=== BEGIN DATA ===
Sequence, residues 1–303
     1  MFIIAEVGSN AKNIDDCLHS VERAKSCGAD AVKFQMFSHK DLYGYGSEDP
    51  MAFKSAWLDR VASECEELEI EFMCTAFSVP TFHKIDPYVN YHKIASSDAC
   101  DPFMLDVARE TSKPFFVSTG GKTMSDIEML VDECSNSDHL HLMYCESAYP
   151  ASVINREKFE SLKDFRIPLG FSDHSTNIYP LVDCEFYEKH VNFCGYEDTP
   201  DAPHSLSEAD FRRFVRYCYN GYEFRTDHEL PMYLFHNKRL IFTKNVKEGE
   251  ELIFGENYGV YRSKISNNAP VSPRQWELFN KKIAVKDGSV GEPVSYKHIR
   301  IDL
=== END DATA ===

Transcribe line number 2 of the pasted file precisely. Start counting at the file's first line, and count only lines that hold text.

     1  MFIIAEVGSN AKNIDDCLHS VERAKSCGAD AVKFQMFSHK DLYGYGSEDP